Early-Month Rx Fatalities Linked to Overworked Pharmacists

MARCH 01, 2005
Ken Rankin

A beginning-of-the-month upsurge in the average pharmacist's workload may be at least partially responsible for an alarming increase in the nation's rate of drug-related deaths during the first few days of each month, pharmacy researchers warned.

The new study, conducted by researchers at the University of California in La Jolla and the Tufts University School of Medicine in Boston, examined millions of death certificates from 1979 to 2000 and discovered that "some types of fatal medication errors spike by 25% above normal at the beginning of the month."

Unable to explain the rise in drug-related fatalities by controlling for such factors as substance abuse or socioeconomic status, the researchers concluded that the likely cause was overburdened pharmacists faced with a sharp jump in prescription orders when those patients on welfare come to pharmacies for medication when their first-of-the-month checks arrive.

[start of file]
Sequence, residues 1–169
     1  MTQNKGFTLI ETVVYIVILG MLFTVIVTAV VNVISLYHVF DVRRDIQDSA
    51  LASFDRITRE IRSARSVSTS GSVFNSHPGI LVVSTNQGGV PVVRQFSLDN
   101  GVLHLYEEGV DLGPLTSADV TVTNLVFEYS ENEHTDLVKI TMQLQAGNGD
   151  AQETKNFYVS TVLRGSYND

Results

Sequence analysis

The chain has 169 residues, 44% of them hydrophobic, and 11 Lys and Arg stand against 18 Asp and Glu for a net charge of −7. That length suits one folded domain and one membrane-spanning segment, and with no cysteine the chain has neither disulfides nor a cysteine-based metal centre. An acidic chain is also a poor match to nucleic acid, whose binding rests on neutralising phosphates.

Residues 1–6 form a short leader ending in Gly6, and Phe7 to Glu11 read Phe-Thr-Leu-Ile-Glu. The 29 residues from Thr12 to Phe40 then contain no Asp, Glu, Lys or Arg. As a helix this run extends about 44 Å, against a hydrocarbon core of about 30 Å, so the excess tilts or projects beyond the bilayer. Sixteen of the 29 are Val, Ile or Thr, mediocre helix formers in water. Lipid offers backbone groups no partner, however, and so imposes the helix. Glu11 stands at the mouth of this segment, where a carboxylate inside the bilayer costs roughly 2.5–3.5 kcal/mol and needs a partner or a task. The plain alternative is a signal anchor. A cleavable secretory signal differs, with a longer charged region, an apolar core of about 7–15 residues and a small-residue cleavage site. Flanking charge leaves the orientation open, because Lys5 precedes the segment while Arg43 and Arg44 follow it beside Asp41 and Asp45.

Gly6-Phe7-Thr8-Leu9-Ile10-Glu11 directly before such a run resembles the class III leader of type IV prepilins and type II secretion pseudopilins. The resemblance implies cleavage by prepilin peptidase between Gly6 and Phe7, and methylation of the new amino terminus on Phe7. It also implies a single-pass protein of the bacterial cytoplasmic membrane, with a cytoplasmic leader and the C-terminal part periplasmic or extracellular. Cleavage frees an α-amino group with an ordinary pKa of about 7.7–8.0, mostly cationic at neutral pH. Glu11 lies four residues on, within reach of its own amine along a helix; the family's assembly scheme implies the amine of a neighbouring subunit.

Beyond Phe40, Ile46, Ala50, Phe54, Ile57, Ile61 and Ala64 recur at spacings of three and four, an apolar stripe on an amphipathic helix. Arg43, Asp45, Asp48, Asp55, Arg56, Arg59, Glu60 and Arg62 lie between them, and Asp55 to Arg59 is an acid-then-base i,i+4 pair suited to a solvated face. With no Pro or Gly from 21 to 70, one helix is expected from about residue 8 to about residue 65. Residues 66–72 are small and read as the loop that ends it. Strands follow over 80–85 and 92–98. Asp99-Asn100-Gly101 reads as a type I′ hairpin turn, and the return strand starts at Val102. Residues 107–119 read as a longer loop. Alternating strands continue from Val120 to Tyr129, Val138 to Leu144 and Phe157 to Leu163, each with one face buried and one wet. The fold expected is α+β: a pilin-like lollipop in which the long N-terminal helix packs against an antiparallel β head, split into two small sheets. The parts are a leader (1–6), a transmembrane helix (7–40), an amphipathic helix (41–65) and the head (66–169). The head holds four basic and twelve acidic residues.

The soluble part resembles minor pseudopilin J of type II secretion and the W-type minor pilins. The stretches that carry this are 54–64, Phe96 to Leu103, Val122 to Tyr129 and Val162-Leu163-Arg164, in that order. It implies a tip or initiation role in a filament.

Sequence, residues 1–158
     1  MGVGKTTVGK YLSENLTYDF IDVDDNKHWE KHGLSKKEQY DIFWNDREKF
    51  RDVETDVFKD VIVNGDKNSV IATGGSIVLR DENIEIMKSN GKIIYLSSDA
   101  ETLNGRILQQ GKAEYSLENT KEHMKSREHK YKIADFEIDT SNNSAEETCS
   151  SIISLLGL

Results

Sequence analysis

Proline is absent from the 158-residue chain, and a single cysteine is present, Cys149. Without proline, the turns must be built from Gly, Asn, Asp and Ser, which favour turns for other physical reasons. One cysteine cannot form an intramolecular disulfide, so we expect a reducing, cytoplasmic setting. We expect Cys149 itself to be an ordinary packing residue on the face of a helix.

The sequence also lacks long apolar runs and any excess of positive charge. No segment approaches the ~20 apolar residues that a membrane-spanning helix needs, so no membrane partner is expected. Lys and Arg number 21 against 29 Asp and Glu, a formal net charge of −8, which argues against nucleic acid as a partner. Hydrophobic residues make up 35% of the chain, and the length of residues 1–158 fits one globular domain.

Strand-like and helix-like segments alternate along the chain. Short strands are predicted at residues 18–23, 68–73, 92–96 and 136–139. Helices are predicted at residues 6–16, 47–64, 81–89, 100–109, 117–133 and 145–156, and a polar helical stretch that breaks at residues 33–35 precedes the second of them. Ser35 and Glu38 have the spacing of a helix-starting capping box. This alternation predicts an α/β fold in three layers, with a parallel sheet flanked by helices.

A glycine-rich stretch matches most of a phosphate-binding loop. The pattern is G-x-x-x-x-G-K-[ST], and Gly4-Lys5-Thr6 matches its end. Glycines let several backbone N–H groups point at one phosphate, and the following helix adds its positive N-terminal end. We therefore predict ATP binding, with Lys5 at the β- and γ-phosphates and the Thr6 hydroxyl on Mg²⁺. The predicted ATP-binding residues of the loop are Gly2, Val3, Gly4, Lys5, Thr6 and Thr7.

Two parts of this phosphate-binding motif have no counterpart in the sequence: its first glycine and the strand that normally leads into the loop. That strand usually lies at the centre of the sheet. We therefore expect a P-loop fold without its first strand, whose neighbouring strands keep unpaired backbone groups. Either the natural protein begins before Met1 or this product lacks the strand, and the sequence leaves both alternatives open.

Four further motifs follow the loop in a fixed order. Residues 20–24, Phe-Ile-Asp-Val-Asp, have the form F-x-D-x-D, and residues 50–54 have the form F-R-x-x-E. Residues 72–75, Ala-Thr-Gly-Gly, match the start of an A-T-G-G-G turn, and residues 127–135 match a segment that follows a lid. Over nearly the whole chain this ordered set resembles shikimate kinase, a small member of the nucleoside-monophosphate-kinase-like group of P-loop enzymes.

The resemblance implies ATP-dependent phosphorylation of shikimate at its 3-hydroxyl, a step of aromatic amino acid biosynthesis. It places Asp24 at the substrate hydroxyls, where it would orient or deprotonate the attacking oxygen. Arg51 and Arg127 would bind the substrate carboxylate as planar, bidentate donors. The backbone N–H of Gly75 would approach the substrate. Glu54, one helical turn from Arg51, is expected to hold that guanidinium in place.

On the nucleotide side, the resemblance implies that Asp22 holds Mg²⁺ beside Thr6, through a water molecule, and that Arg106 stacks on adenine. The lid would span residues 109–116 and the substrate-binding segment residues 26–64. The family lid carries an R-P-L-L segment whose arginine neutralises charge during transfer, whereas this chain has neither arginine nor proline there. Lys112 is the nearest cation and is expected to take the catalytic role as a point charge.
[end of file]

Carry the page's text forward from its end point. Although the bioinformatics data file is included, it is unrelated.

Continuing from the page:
Because "there is an increased pharmacy workload at the beginning of each month, some pharmacists may be unusually prone to error in the filling and labeling of prescriptions and may have less time than usual to explain necessary precautions to their patients,"researchers said in a study published in the January 2005 edition of Pharmacotherapy, the Journal of the American College of Clinical Pharmacy.

To reduce potentially fatal medication errors, the researchers suggested that:

  • Patients "be especially careful to check the accuracy"of prescriptions dispensed early in each month
  • Pharmacies consider increasing prescription department staff levels at the beginning of the month
  • Governments stagger payments to welfare recipients, Social Security beneficiaries, and others on assistance over the entire month

Mr. Rankin is a freelance medical writer.